Texas Senate panel advances budget bill that mirrors House plan on education, property tax reform spending

Texas Tribune Blue Government News

Senate Finance Committee Chair Jane Nelson, R-Flower Mound, said during a meeting Wednesday that the Senate budget plan is a "financially responsible budget that meets the needs of our growing state."
Senate Finance Committee Chair Jane Nelson, R-Flower Mound, said during a meeting Wednesday that the Senate budget plan is a “financially responsible budget that meets the needs of our growing state.”
Emree Weaver / The Texas Tribune

A panel of budget writers on Wednesday advanced the Texas Senate’s two-year, $248 billion spending plan that includes a boost for public schools and a cut to Medicaid, setting the stage for negotiations with the House.

Both chambers have agreed to pump an additional $9 billion in state revenue into the public education portion for the budget, but now lawmakers must reconcile their differences over how to spend the money.

“Members, this is a robust, financially responsible budget that meets the needs of our growing state,” said state Sen. Jane Nelson, a Flower Mound Republican who chairs the Senate Finance Committee. The budget passed unanimously out of the committee.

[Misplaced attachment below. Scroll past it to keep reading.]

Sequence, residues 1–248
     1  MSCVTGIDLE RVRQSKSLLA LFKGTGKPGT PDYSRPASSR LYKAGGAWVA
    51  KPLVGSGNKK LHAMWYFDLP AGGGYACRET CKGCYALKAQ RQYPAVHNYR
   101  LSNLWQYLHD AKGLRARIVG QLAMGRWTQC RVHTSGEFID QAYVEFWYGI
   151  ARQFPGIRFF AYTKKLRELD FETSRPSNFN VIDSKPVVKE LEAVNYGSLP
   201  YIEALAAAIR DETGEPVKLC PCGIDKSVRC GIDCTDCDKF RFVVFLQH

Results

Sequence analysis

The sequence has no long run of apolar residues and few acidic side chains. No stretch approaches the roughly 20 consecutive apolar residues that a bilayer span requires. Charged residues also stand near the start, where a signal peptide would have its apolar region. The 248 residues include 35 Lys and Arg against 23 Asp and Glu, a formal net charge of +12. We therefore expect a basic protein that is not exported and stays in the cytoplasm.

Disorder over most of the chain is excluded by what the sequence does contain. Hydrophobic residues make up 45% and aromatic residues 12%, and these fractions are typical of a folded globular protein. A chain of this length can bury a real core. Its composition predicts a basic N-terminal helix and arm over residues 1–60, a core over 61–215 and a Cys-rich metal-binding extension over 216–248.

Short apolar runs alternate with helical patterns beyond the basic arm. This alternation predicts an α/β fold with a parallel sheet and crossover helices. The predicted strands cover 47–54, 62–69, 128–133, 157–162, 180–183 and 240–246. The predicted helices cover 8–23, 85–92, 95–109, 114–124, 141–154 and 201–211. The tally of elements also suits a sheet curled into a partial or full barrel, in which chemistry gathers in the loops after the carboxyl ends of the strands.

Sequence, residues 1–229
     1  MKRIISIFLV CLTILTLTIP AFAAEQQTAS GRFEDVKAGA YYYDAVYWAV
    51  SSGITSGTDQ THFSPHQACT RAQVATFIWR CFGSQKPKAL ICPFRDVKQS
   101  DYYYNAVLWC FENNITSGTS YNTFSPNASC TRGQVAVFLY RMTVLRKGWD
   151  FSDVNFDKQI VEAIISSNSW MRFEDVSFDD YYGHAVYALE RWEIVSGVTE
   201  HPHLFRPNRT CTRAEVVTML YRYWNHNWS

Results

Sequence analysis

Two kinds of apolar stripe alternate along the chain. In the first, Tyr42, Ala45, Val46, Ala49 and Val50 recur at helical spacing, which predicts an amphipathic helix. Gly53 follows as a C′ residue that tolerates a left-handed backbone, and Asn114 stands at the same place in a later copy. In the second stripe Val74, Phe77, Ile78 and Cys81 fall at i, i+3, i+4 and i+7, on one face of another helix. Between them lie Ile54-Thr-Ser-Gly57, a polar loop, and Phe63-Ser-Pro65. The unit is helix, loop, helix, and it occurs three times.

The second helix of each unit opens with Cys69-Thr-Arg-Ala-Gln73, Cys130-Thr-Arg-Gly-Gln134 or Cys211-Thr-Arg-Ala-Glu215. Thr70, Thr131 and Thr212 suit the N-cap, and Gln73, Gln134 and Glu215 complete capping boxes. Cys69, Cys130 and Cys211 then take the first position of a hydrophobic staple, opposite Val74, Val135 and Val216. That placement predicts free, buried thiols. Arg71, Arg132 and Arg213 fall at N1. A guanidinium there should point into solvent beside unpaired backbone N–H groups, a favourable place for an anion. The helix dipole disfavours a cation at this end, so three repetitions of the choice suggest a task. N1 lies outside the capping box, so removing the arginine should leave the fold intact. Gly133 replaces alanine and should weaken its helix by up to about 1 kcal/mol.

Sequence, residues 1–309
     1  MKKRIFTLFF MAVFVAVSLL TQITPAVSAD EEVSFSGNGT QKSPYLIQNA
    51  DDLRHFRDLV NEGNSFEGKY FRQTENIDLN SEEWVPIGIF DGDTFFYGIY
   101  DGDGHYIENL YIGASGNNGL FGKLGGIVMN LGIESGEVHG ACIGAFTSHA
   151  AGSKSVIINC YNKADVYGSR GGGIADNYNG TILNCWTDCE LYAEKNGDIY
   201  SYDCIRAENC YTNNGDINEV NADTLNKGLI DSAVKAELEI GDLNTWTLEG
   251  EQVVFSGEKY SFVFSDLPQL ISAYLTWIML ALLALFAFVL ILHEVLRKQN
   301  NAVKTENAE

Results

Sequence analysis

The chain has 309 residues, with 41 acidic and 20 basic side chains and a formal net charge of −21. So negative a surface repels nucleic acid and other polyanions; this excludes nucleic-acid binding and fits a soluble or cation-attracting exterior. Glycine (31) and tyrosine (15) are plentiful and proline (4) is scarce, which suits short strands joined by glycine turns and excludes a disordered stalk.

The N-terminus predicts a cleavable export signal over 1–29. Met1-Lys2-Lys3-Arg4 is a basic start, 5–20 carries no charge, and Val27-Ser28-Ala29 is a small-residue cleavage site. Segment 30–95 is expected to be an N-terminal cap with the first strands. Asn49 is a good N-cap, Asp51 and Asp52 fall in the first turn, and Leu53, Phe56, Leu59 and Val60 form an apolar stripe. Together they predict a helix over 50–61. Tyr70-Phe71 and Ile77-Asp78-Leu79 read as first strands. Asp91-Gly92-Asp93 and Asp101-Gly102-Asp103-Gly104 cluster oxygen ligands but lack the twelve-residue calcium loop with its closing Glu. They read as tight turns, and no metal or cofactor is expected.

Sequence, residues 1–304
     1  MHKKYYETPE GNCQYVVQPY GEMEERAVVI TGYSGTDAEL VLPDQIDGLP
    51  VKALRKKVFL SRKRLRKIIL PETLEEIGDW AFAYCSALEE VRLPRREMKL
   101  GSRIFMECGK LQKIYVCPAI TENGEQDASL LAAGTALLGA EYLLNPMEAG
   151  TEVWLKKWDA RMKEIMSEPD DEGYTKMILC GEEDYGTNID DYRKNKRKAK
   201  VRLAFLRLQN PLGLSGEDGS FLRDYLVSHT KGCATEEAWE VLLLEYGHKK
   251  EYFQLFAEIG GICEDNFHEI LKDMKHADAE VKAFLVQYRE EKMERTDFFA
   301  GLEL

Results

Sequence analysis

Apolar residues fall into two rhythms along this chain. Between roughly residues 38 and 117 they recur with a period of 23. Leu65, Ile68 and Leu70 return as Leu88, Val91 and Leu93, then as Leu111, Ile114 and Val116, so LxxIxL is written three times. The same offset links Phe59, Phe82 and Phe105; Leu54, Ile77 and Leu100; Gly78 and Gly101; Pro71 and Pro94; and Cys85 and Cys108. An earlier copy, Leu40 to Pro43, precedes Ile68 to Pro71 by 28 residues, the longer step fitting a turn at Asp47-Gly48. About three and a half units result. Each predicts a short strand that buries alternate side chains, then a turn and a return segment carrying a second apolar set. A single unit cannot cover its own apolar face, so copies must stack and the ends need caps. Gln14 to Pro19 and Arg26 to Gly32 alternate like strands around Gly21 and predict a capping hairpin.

The Senate favors a $4 billion proposal for a $5,000 across-the-board pay raise for public school teachers and librarians and another $2.3 billion for school districts. The House, meanwhile, would provide $6.3 billion to school districts, which could make decisions about targeted pay raises or hiring additional staff.

The House and Senate have agreed to spend $2.7 billion on property tax “relief,” though the chambers have not decided on a mechanism for slowing the growth of bills paid by home and business owners.

Before the budget’s passage, the Finance Committee voted narrowly to keep a controversial provision targeting a proposed high-speed rail line between Houston and Dallas.

The spending plan also contains a provision directing the Texas Health and Human Services Commission to cut costs by $900 million.

Wednesday’s version of the Senate budget plan is $4.8 billion larger than the initial proposal unveiled by the chamber in January. It next heads to the full Senate for approval, where it is expected to pass easily.